I was reading an interesting ‘open letter’ from communication professional Paul Masterman to local authority chief executives. The article outlined seven tips for communicating in 2016 but it was one particular point that I found particularly interesting.
Paul’s point three is “Your Head of Communications should be in the room when you are making policy”. This is a debate that has raged for many years about the appropriate level for a head of communication. Does it sit in the boardroom when decisions are being made? And if it does then can its voice be heard? He argues that communication needs a voice when policy is being made to provide essential advice.
Over the years I have worked in roles where communication was seen as something that just delivers messages through to being a key part of a senior team. In some cases I have been in the same organisation under two different leaders and had an experience at either ends of the spectrum. If I have learned anything from this it is that an organisation that won’t put communication within the boardroom is not one that I would want to work for.
It shows an incredible short-sightedness and lack of understanding about the role of the professional communicators and what they can bring. I have been able to bring a different perspective and viewpoint that has amended or even changed a policy or operational decision. An organisation that is ready to listen and take action shows a level of maturity and is somewhere I would be happy to work. Leaders should be brave enough to take advice from a range of experts.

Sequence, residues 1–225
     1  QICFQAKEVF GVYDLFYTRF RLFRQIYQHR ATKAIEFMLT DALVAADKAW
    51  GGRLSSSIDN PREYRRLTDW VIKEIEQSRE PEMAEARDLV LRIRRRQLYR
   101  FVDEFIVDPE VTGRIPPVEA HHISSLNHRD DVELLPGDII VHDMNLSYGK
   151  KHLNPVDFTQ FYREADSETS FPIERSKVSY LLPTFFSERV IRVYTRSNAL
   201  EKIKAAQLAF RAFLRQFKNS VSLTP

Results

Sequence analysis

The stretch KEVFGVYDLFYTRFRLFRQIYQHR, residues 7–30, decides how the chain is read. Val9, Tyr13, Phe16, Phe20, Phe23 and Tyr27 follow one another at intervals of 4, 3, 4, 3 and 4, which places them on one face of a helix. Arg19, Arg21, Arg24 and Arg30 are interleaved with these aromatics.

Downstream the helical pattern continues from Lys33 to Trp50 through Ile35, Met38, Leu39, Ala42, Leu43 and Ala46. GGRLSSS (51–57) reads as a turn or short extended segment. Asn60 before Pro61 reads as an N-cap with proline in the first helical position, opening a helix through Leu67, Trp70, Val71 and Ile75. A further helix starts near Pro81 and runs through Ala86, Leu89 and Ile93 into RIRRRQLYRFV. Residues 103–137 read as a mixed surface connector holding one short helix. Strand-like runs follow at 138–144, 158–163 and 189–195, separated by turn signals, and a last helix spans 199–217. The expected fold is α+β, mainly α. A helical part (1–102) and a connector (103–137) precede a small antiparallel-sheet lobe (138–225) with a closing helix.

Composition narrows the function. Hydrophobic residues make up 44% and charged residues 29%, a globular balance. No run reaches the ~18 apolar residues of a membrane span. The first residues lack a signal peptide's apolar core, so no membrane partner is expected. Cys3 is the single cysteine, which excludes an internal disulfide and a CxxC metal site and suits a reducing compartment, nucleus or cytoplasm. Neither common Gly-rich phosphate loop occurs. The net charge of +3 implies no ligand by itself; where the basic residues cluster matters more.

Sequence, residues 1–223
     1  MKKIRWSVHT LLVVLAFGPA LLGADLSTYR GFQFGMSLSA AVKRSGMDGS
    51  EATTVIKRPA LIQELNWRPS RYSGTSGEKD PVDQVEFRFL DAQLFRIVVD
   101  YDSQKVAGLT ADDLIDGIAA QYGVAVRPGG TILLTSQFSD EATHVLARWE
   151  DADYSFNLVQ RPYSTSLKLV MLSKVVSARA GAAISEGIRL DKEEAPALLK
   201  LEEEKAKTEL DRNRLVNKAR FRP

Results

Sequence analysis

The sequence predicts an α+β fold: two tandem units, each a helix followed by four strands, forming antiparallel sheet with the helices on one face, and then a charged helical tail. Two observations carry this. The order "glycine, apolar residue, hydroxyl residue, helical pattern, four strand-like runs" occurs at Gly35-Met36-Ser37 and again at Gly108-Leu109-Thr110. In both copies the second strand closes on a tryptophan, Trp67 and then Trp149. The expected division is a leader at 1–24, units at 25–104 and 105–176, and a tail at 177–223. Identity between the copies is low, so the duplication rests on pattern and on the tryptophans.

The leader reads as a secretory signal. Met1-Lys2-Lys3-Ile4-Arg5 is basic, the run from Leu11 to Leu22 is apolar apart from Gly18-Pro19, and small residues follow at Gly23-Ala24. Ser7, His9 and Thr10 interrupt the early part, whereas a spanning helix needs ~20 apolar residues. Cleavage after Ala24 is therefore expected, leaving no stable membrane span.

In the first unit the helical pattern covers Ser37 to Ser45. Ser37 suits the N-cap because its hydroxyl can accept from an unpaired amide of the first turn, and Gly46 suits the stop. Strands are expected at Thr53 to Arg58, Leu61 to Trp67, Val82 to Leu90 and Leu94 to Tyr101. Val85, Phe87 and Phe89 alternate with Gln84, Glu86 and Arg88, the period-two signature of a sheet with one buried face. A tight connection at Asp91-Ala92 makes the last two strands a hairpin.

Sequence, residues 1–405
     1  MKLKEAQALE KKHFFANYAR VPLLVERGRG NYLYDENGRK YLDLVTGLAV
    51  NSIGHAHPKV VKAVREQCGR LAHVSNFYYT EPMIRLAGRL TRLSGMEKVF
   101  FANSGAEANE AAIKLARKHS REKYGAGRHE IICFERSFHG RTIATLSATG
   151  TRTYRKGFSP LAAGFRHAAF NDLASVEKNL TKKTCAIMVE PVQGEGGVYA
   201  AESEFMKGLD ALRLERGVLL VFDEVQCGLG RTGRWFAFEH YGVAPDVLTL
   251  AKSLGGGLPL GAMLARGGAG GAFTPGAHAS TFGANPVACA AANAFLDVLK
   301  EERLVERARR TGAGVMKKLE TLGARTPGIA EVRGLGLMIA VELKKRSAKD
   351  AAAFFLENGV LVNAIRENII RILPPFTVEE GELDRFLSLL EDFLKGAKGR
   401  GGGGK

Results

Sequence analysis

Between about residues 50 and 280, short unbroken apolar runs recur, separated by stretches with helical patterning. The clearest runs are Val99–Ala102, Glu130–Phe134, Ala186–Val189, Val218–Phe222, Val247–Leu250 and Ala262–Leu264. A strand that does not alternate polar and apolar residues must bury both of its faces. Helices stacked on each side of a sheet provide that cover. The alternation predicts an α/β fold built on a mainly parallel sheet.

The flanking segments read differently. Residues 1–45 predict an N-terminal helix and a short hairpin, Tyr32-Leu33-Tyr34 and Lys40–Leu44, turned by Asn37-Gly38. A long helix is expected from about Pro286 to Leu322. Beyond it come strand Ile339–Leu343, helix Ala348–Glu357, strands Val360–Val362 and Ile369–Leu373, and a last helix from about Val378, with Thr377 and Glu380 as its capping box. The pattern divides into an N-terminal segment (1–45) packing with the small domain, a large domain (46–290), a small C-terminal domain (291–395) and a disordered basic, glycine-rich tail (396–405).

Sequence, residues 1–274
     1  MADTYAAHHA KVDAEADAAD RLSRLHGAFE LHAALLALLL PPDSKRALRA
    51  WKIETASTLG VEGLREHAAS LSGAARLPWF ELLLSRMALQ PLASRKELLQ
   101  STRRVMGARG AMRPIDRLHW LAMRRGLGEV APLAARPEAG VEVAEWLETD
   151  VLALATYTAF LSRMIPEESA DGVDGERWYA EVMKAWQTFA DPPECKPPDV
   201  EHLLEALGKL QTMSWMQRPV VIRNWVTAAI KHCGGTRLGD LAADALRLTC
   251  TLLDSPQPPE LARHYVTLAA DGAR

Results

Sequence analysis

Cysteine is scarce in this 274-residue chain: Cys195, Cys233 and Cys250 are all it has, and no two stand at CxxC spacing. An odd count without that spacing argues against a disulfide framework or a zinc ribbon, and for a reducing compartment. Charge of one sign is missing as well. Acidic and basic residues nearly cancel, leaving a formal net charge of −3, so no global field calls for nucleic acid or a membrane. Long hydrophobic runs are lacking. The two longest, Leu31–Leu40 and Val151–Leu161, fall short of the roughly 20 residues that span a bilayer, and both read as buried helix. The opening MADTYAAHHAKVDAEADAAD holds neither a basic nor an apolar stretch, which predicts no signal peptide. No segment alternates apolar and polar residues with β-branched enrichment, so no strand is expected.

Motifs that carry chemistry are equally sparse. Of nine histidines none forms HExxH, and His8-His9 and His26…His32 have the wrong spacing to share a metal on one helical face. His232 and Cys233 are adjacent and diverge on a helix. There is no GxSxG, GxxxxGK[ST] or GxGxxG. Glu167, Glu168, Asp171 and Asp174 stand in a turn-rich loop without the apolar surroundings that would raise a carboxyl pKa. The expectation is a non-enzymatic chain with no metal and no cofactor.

Communication professionals absolutely must demonstrate that they can operate at a strategic level. This means having the ability to understand the nature of the business, be able to see across the political and stakeholder issues, and move quickly between the tactical and the strategic. Don’t get me wrong this isn’t easy, particularly at a time when we are all under pressure to deliver more with smaller teams and less money. But if communication is going to have its rightful place among the bosses then we have to find a way to achieve it.
If you don’t have that place within the boardroom then perhaps you should start to make the case tomorrow. Demonstrate the knowledge, skills and experience you have and how vital they are to the business, but also build trust in you so the door is opened.